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POINT OF VIEW: I Am My Father’s Son

I am my father’s son.

My father and mother separated when I was a little kid. Near as I can tell from the pictures, it was in 1973, when I was four or five.

My Dad and Mom were… let’s just say, less than a perfect match for each other. When they divorced, my Dad moved out to an apartment across town, and I stayed with my Mom.

That’s not to say that my Dad moved out of my life. Far from it. For all the angst in their relationship with each other, they always agreed on one thing – that I should have both of my parents in my life.

My dad is a consummate salesman who knows EVERYONE in Tucson. This was underscored for me once when I was walking through El Con Mall with him, and every five steps – I kid you not – someone stopped him to say hello.

The gift of gab is one thing I didn’t inherit from my father. He can sell just about anything to anyone – I’ve seen him do it. But I think a bit of his ability with words translated in part to my gift for writing.

My Dad didn’t really get the whole sci fi thing when I was growing up and compulsively reading Anne McCaffrey and Isaac Asimov and Arthur C. Clarke. I used to spend weekends at his place drawing out maps of other worlds, imagining being a sci fi writer – they were drawn on the back of this paper my stepmother brought home from her office, and I would tape them together to make these ten-foot-long designs.

I think Dad probably just looked in on me and shook his head in bemused wonder.

But when I asked him for the thing I wanted most when I was sixteen – a hardback copy of Anne McCaffrey’s latest, “Moreta: Dragonlady of Pern” – I found it wrapped up under the Christmas tree.

It was one of those memories of him that I treasure, though I don’t know if he even recalls it now.

My dad made his career as a moving company estimator – the guy who comes to your house and figures out how big a truck you’re gonna need when you have sold your home. He was doing this long before they had devices to do it for you, and he always had this amazing, innate skill. My dad has a keen sense of space and spatial relationships, and that’s definitely something I got from him.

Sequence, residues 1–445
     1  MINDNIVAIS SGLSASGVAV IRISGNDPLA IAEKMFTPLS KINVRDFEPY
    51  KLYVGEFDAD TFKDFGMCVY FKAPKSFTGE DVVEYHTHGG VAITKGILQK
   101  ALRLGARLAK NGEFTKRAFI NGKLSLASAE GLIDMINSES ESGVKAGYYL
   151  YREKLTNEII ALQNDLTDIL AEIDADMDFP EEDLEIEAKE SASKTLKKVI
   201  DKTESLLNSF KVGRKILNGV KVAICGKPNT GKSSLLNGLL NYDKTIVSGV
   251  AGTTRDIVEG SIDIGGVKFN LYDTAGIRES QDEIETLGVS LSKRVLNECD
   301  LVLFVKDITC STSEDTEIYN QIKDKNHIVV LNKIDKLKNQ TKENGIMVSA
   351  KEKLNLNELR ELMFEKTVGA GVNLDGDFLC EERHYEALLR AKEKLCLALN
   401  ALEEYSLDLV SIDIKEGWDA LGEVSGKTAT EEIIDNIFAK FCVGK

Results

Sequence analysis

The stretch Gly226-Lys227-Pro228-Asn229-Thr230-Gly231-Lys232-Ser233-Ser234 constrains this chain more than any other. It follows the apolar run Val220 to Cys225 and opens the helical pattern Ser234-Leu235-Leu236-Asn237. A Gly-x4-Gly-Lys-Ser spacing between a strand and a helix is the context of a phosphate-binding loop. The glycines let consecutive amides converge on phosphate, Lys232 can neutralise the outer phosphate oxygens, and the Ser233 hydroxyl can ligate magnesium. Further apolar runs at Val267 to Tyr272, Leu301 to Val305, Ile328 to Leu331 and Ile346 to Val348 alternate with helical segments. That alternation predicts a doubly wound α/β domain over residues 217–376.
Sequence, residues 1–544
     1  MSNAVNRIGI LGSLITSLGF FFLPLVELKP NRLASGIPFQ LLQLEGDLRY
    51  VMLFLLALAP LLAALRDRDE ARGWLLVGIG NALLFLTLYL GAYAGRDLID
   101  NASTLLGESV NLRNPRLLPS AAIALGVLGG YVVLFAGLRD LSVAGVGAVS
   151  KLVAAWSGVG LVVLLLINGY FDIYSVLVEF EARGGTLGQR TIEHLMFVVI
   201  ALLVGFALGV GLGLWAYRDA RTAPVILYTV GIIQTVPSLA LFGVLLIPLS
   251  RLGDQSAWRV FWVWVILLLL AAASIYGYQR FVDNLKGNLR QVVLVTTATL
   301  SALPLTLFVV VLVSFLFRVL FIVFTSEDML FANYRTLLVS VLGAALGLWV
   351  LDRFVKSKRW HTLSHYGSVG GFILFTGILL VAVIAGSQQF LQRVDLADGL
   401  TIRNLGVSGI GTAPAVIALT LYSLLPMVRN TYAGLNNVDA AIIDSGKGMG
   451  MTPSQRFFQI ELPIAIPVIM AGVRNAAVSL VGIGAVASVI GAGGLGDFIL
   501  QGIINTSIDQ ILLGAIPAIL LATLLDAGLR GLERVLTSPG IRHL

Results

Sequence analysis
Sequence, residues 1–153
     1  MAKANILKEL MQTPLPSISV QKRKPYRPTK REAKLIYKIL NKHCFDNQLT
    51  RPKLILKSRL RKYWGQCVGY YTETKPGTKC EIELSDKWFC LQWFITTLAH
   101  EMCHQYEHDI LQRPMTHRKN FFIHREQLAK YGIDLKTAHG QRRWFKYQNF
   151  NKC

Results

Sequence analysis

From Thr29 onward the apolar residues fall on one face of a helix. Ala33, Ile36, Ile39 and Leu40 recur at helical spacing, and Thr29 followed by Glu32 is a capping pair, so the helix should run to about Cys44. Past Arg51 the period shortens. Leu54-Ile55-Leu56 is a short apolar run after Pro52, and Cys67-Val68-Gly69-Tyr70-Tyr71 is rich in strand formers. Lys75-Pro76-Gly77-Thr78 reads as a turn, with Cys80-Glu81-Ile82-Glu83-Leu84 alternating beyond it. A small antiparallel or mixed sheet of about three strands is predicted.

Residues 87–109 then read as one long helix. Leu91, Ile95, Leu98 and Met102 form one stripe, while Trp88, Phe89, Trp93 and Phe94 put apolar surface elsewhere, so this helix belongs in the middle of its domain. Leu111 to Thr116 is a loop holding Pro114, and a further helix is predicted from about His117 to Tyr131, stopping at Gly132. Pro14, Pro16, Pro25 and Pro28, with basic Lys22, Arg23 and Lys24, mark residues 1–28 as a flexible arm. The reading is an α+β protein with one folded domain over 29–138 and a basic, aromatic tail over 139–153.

I can see a place and know I have been there before because of the way this sign is in front of that building at a particular angle.

I can drive through a city once or twice and visualize how it all fits together in my head, creating my own internal map. My love of maps in general comes from this, and I think this skill plays a big part in my ability to tell tales in places I’ve never been to – I can see/feel exactly how they fit together in my head.

I once went on a fishing trip with Dad up in Lake Tahoe. I was hoping for a “River Runs Through It” father-son bonding moment. Instead, I froze my ass off and caught exactly zero fish, and we spent the weekend in mostly idle chit-chat. My Dad, for all his ability to communicate, has a hard time opening up and sharing deeply.

He’s a straight guy, and I hear that’s kinda endemic in the species. 😛

He uses humor as a deflection, another thing I got from him. That’s not all bad – it’s helped me deal with some of the heartache that comes with being gay in this world, by laughing it off.

But his tendency to deflect is why his moments of stark honesty and candor, when they do come, are such a gift.

Like the day he first told me how proud he was of me for my writing.

As a writer and a human being, I am the product of everyone who came before me – my parents, my grandparents, and the family lines stretching back for generations and generations.

But I treasure the gifts I got from my parents, most of all.

I am my father’s son.

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